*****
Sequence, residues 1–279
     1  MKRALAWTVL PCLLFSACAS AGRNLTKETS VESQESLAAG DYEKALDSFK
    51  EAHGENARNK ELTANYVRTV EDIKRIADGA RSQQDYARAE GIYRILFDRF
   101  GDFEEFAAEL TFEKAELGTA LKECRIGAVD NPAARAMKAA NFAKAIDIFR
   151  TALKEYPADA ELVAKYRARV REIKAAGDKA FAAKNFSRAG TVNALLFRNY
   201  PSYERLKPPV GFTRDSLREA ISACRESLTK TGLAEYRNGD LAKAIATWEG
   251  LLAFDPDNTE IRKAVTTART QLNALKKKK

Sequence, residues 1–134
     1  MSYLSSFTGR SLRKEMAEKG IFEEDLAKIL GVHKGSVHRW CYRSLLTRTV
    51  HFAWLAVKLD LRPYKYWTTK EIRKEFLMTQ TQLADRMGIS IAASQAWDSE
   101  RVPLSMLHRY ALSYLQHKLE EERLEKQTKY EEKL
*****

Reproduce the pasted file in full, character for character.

Sequence, residues 1–279
     1  MKRALAWTVL PCLLFSACAS AGRNLTKETS VESQESLAAG DYEKALDSFK
    51  EAHGENARNK ELTANYVRTV EDIKRIADGA RSQQDYARAE GIYRILFDRF
   101  GDFEEFAAEL TFEKAELGTA LKECRIGAVD NPAARAMKAA NFAKAIDIFR
   151  TALKEYPADA ELVAKYRARV REIKAAGDKA FAAKNFSRAG TVNALLFRNY
   201  PSYERLKPPV GFTRDSLREA ISACRESLTK TGLAEYRNGD LAKAIATWEG
   251  LLAFDPDNTE IRKAVTTART QLNALKKKK

Sequence, residues 1–134
     1  MSYLSSFTGR SLRKEMAEKG IFEEDLAKIL GVHKGSVHRW CYRSLLTRTV
    51  HFAWLAVKLD LRPYKYWTTK EIRKEFLMTQ TQLADRMGIS IAASQAWDSE
   101  RVPLSMLHRY ALSYLQHKLE EERLEKQTKY EEKL